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Veuve Clicquot Extra Brut Extra Old MV Champagne 75cl
|Mix 12||Mix 6||Single||Bottles|
|Veuve Clicquot Extra Brut Extra Old MV - 75cl||Veuve Clicquot Extra Brut Extra Old MV - 75cl||£67.95
|Size||bt per case||In Bond|
|Veuve Clicquot Extra Brut Extra Old MV
Price per Case
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Privileged to a respectable 382-hectare estate with facilities to envy, Veuve Clicquot today run an immense operation in Reims. The House style is voluptuous and deeply fruity with a preference for Pinot Noir dominance. An unusually large proportion of old reserve wines give their non-vintage champagne nuances and depth not found elsewhere and their vintage expressions are deliciously ageing classics. Industry genius, Dominique Demarville has been ensuring Veuve Clicquot's continued success as Cellar Master since 2008.
Cellar Master: Dominique Demarville
Winery Location: Reims | Champagne, France
Champagne Region: Montagne de Reims
Annual Production (bottles): Undisclosed
Demarville has said he has no intention for this Champagne to be a high-volume production commenting: "We cannot use all of the best reserve wines; we need them for Yellow Label." Hence only 30,000 bottles have been produced. The currently released batch were bottled in November 2013.
News Article: Read more about Veuve Clicquot Extra Brut Extra Old NV in our review of the launch event here.
Grape Varieties: 47% Pinot Noir, 27% Chardonnay, 26% Pinot Meunier
Reserve Wine: 100%
Vintages: 1988, 1996, 2006, 2008, 2009, 2010
Ageing: 3 years on the lees
Disgorged: June 2016
Dosage: 3 g/l
Drink: Now to 2024
Tasting Note: An intense golden colour in the glass with a fine stream of tightly knit beads. Initial notes on the nose are rich and intense: ripe fruits and citrus. Powerful on the palate but balanced and smooth. Full of citrus with hints of apples and toastiness. A well-balanced minerality through the long-lasting finish. Exceptional. This has the characteristics to supplement a meal but due to the freshness could be served as an apéritif.
Pungent and explosive on the nose. Very pure and focused, this actually smells more youthful than the Yellow Label based on the 2013 vintage. Tight and very zesty with the most impressive texture. Despite the high refreshment factor, there is nothing painful about this. The acidity is extremely well integrated. Super fresh. Well balanced and impressive.”
Vintage Overviews Grand & Premier Crus Explained
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Veuve Clicquot History
Philippe Clicquot founded Veuve Clicquot in 1772, making it one of the oldest houses in Champagne. Coming from a family of bankers and textile merchants, Philippe purchased a number of vineyards and decided to establish a wine business under the family name. His vision was to sell his Champagne ‘across all borders’.
In June 1798, Barbe-Nicole Ponsardin married Philippe’s son, Francçois-Marie Clicquot in a wedding service held in the winery’s cellars, kept secret due to the ongoing French revolution. Auspiciously, the priest gave the happy couple a book by Dom Pérignon. The famous 17th century monk Dom Pérignon had written about new methods of producing sparkling wine. By combining several varieties of grape into an assemblage, he was able to harness the fermentation process, however the ‘vin du diable’ (wine of the devil) had yet to be completely tamed. Yeast would form sticky laments and leave a deposit that made the finished wine cloudy and spoiled its taste. But Madame Clicquot would change all that.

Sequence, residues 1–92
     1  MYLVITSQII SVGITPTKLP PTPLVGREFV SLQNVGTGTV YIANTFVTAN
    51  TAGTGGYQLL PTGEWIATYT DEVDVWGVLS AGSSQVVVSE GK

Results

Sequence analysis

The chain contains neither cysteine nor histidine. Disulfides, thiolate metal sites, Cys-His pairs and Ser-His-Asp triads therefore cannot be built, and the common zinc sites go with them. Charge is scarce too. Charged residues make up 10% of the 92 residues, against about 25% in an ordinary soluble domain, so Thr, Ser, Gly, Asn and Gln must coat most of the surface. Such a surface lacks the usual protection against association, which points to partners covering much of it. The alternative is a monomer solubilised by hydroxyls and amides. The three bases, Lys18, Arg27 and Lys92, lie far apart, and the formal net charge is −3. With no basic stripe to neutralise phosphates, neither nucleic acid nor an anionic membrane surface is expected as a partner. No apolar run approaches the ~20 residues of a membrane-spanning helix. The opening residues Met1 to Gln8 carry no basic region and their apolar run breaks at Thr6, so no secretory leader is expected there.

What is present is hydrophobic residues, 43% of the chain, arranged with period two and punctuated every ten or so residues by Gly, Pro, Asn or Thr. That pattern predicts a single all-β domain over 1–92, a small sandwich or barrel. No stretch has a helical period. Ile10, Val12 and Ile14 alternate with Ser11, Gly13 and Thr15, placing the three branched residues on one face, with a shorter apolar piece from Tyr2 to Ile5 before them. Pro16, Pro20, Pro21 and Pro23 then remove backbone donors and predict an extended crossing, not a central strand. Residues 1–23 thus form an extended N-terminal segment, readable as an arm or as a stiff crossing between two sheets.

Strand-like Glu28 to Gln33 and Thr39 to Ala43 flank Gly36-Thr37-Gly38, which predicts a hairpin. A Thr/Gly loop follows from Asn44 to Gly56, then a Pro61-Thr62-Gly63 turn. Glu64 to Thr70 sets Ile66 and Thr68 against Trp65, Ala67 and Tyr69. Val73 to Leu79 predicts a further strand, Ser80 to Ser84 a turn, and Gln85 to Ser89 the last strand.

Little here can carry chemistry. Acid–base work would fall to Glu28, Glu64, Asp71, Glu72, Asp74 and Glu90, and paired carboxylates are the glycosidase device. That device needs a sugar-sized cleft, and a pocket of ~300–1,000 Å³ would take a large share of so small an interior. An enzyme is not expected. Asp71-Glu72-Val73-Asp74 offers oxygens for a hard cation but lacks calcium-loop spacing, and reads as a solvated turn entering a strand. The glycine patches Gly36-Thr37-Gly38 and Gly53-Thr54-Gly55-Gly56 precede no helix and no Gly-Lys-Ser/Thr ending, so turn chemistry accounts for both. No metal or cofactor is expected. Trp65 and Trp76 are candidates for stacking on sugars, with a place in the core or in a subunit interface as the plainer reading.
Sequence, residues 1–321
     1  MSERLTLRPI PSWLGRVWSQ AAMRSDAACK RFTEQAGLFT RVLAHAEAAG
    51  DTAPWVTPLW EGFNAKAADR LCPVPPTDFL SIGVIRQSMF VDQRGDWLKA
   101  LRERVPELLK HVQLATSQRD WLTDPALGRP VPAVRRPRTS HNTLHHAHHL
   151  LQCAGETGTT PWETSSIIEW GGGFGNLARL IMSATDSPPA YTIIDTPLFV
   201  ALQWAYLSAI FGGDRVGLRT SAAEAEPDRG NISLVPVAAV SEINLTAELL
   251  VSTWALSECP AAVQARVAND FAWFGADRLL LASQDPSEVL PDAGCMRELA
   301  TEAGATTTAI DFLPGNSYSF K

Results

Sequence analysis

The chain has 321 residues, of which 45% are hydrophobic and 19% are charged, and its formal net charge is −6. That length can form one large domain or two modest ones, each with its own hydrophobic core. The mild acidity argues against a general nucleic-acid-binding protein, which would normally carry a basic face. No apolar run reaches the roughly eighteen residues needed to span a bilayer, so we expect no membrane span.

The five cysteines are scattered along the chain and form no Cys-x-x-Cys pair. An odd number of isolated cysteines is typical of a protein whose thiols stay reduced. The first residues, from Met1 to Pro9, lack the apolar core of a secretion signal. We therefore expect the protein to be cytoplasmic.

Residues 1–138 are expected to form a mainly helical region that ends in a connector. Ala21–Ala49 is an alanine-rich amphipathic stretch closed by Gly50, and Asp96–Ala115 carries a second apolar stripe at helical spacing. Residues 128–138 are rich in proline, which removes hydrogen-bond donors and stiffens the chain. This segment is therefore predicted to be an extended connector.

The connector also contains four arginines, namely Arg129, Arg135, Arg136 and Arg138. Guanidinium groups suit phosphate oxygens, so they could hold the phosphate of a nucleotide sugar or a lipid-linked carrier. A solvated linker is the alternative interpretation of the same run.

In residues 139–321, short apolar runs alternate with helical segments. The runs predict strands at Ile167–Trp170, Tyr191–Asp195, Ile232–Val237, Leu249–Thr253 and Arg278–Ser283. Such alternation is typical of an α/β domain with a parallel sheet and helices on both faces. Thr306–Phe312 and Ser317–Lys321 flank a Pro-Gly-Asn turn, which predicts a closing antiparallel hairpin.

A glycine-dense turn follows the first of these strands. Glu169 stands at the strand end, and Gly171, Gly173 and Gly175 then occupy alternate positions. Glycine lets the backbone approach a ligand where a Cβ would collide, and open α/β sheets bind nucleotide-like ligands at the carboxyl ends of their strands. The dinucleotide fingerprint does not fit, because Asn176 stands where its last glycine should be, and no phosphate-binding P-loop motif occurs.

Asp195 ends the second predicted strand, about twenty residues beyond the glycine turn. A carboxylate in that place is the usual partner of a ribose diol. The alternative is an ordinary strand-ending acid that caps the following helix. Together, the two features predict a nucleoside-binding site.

The Code Napoleon and bourgeois codes of behaviour forced French women to live in the shadow of their husbands. It took a woman with confidence and a fair amount of grit to venture into business. Barbe-Nicole Clicquot was one such woman: widowed at the age of 27 and with a three-year-old daughter, she convinced her father-in-law to let her manage the business and went on to achieve iconic status among champagne buffs.
Assisted by her cellar man Antoine-Aloys de Muller, Madame Clicquot perfected the art of ‘remuage’ or riddling. Special racks were produced to hold the bottles at an angle and over a six-to-eight-week period the bottles were rotated by a quarter-turn every day, gradually settling the lees in the neck of the bottle. The cork was then drawn, the sediment removed and liqueur de tirage (a mixture of still wine and sugar) added. Once this technique was perfected the champagne was crystal clear. With a few minor improvements, this method is still used today.
From 1876 onwards the company bottled all the dry champagne destined for Britain with a yellow label. When Madame Clicquot died in July 1866, newspapers all over the world paid tribute to the old lady. She and her loyal assistants had conquered the world and sales had reached a staggering 750,000 bottles a year!
Today’s Chef de Cave, Dominique Demarville, explains the production ethos behind Clicquot’s characterful, full-bodied and pinot-focused wines: “Veuve Clicquot is a big house where we have a huge responsibility to maintain the style, but every day we work to improve the quality.” Privileged to a respectable 382 hectares with facilities to envy, the house runs a huge operation in Reims.